Breastmilk for premature babies
Breastmilk is exactly suited to your baby’s nutritional needs. It also protects her from infection and illnesses.
If you give birth prematurely, your milk will be slightly different from full-term milk. This is because your baby’s needs are different from those of a full-term baby.
Because premature babies need more proteins for growth than full-term babies, your colostrum will have more protein than the colostrum of full-term mothers.
You’ll also have more of an enzyme called lysozyme. Lysozyme attacks certain bacteria and helps protect your baby from infections. And your breastmilk will have more fat and less lactose, because premature babies find lactose hard to digest.
Expressing breastmilk for premature babies
If your baby is late preterm (36-37 weeks), he’ll probably be able to suckle breastmilk from your breast. But if your baby is younger, it might be weeks before he’s able to breastfeed fully.
During this time your baby can still have your breastmilk, either through a tube that runs from her nose down into her stomach or by bottle or cup.
You’ll need to express your breastmilk either by hand or by using a hand-held or electric pump. It’s helpful to express breastmilk soon after your baby’s birth and then to express every 2-4 hours to keep your supply up.
Like breastfeeding, expressing breastmilk is a skill you have to learn. If you have trouble getting the hang of it, the midwives, nurses or the hospital’s lactation consultant will be able to help you. Don’t be afraid to ask for help.
Premature babies starting to suckle
Before your premature baby can suckle, kangaroo care can be a great way to help him get comfortable with skin-to-skin contact. It can also help you to produce more milk.
When your premature baby is ready to start breastfeeding, you might find that progress can be quite slow, especially if your baby was born very early or is very sick. Feeding is a complicated skill, and premature babies get tired very quickly. During this learning time, your baby might suckle only a very small amount of milk from your breast, with the rest fed by tube.
It can take some premature babies a while to get the hang of breastfeeding.
Breastmilk supplements and alternatives for premature babies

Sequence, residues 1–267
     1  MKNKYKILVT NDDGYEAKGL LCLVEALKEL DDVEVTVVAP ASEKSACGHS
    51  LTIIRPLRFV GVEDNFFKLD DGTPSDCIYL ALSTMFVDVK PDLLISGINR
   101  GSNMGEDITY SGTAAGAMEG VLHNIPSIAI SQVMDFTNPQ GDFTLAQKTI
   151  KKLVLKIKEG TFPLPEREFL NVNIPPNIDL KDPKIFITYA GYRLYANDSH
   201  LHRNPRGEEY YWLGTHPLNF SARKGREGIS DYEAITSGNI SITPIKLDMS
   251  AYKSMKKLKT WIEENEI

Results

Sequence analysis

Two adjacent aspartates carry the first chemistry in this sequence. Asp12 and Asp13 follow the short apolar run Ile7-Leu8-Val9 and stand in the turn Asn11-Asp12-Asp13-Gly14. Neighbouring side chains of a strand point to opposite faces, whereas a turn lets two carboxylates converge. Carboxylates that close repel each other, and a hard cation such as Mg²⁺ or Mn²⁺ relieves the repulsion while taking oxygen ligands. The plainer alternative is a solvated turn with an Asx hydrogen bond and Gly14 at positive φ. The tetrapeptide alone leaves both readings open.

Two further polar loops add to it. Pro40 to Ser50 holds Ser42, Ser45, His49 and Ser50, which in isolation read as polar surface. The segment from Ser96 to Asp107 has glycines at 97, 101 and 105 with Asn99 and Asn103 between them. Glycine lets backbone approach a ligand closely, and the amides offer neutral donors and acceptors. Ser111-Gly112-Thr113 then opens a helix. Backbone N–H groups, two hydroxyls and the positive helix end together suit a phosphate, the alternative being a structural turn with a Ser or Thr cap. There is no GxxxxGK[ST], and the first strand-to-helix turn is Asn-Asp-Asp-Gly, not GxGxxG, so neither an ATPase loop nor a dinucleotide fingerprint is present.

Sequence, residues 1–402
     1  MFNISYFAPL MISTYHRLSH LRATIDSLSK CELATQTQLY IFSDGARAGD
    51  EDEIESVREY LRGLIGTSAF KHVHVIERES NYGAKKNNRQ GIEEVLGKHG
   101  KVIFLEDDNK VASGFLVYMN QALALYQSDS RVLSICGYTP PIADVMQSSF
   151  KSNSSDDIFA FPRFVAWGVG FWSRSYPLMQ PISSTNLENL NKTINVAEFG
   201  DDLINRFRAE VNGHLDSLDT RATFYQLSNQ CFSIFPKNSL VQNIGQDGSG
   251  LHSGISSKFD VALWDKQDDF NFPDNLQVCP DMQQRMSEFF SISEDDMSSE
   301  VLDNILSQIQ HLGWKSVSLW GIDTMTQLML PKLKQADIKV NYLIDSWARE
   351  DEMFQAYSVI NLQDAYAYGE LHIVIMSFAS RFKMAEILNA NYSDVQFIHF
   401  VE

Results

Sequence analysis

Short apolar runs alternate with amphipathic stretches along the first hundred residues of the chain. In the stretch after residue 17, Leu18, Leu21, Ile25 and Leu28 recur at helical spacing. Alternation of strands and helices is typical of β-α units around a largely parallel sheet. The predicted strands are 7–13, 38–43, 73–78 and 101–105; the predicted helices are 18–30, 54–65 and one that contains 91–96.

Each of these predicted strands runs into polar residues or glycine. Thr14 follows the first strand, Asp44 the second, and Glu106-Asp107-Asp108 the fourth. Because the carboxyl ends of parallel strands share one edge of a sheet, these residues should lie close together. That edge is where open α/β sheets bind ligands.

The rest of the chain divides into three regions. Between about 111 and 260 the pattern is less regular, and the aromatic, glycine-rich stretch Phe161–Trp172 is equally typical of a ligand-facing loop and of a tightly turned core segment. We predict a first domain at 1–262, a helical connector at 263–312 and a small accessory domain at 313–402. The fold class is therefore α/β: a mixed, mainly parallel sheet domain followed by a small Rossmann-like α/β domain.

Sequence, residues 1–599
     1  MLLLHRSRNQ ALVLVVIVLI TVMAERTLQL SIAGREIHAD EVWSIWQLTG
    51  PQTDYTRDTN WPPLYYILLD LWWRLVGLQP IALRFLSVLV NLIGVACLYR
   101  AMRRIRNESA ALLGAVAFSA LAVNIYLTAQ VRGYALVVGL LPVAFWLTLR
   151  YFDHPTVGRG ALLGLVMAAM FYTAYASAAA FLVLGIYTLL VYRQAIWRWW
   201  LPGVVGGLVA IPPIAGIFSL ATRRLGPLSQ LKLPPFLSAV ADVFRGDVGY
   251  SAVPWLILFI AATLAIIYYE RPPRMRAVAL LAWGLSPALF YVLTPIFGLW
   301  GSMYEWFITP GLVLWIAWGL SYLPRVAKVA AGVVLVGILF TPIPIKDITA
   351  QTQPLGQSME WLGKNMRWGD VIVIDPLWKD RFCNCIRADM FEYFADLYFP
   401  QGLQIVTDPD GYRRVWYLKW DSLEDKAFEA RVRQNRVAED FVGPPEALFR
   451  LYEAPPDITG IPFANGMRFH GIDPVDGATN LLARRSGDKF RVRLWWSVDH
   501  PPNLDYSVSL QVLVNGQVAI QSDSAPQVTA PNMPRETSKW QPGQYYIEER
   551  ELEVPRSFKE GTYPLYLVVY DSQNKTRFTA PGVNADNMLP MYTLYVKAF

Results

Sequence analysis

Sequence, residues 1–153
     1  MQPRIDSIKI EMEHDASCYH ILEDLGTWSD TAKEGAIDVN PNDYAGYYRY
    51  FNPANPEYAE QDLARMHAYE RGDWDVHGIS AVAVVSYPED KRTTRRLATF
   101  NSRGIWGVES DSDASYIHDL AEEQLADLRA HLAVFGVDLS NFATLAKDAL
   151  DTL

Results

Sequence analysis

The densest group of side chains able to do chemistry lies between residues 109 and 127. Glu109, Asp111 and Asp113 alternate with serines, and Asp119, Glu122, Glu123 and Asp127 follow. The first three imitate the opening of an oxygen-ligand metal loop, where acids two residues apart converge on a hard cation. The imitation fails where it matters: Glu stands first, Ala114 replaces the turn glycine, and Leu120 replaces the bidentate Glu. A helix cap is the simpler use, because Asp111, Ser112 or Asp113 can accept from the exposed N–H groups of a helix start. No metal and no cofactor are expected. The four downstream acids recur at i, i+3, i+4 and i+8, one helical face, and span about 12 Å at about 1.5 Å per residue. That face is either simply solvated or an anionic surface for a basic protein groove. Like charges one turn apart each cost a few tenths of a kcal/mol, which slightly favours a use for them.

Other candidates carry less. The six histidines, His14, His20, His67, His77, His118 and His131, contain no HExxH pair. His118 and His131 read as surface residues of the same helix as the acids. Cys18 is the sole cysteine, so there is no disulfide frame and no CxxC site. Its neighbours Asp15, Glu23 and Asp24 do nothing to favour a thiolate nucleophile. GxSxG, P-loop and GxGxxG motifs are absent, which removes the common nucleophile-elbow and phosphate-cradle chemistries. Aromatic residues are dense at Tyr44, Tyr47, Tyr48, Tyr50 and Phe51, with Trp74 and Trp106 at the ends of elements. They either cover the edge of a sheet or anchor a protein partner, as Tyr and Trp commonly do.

Sometimes breastmilk doesn’t give premature babies all the nutrients they need. So your breastmilk might need extra protein, calories, calcium or phosphorus for bone growth. Thickeners might also be added to try to stop reflux.
If you can’t breastfeed or express, you might be able to give your baby donated breastmilk. This might be possible if the hospital where you gave birth has a milk bank.
Donated breastmilk is pasteurised before it’s given to your baby. The pasteurisation process does reduce some of the nutrients and the properties of the milk that protect against infection, but the milk still has enough to do your baby good.
There might be times when your baby’s doctor suggests that your baby needs feeds of infant formula. There are special formulas for premature babies.
If you need to give your premature baby formula as well as breastmilk, it doesn’t mean you should stop expressing or breastfeeding altogether. Many babies have a combination of breastmilk and formula, and any amount of breastmilk has benefits.
In the end, it’s your choice whether to breastfeed or use formula. You can decide based on your own circumstances. Whatever feeding method you choose, you can still be there for your baby and comfort her.
Breastfeeding and your premature baby’s development
If you can’t breastfeed for whatever reason, express breastmilk for as long as you can and give it to your baby by bottle. Breastfeeding helps baby development, so it’s good to breastfeed if you can.
Some mothers of premature babies have problems with their milk supply and can’t feed their baby breastmilk. If that’s the case, it’s comforting to know that today’s milk formulas provide the basic building blocks for growth.